After being away and dealing with a cranky computer, I’m slowly catching up on my reading and here’s a great article from the New York Times about the issue of whether to dump a book you don’t like or keep trudging through it. (I first explored the dilemma here.) Thank you, Paula Whyman, for passing it along.
Myla Goldberg (''Bee Season'') tells herself that reading a mediocre book ''would mean that I would eventually be on my deathbed having been deprived of the opportunity to read some other book, perhaps one that would have been really fun, or exciting, or even life-changing.'' [Michael] Chabon gives a book two pages, Goldberg allows it 15 to 50, and a book editor I know says that ''publishing turns you into a person who decides within five pages whether you'll like something or not and who puts it down (whether it's work or personal reading) without one ounce of guilt if the answer is no.'' She added, ''I know someone who swears by nothing more than the first sentence.'' What puts these readers off? The most complained-of quality is ''lyricism,'' the piling on of metaphors, similes and extravagant imagery. Also hated are long passages of description (particularly of weather and geology) and hokey framing devices like ''I remember well the summer I turned 14. . . .'' For the writer, the pitfalls are many, and one imperative rules: ''Your beginning better be just killer,'' Chabon says.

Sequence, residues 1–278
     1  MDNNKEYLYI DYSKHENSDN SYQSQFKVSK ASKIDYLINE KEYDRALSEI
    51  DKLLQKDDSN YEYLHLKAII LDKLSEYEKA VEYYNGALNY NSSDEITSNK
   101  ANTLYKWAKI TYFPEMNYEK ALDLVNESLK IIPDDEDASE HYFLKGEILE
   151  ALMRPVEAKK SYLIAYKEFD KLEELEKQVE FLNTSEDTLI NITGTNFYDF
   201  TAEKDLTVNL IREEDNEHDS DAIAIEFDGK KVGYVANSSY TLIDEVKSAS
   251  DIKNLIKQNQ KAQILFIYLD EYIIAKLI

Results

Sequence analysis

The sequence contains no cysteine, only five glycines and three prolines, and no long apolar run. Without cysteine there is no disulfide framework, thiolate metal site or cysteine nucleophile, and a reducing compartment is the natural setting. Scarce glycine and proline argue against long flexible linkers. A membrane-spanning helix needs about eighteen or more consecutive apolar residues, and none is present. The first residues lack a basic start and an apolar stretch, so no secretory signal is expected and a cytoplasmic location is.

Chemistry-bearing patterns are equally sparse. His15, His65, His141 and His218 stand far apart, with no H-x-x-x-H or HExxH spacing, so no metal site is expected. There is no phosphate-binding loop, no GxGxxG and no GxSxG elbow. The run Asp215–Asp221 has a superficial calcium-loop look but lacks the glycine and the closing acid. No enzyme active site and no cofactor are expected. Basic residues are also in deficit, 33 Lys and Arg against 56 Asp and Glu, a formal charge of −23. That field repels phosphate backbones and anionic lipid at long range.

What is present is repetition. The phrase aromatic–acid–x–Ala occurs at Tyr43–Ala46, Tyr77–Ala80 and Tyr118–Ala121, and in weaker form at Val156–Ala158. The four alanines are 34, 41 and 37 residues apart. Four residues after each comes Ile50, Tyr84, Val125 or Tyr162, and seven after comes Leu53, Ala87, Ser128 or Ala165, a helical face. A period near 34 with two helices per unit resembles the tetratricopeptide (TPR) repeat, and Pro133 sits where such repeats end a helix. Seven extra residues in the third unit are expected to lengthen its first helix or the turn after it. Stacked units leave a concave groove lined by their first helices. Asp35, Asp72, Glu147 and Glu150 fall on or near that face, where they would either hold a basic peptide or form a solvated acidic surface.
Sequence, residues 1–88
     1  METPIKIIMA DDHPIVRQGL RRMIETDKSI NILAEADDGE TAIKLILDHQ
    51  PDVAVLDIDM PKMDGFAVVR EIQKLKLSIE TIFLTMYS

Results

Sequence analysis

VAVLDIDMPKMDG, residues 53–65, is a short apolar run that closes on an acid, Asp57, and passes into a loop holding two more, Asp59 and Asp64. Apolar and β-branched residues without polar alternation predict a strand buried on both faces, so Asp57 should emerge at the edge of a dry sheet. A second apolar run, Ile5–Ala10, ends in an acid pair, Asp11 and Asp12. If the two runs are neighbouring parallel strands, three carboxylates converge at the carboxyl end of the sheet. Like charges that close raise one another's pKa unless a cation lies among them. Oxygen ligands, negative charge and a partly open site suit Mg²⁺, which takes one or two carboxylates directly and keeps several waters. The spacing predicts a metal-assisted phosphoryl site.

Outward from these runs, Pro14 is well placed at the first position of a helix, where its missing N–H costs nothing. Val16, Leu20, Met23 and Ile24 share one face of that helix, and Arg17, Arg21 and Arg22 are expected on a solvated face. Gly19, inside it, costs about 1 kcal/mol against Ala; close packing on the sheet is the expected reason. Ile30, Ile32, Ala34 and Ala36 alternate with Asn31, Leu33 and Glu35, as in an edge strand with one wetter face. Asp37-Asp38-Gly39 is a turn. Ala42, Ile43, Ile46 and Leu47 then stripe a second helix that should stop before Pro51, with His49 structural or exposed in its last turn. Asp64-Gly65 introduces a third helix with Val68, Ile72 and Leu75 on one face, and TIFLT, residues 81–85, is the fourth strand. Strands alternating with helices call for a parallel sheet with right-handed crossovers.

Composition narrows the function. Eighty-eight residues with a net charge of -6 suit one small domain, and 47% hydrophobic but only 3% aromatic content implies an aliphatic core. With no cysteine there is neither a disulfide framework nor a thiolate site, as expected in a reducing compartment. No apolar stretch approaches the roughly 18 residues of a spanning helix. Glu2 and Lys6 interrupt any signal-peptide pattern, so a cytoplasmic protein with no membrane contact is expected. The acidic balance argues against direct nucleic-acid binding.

Note to self: Better re-revise that first page again!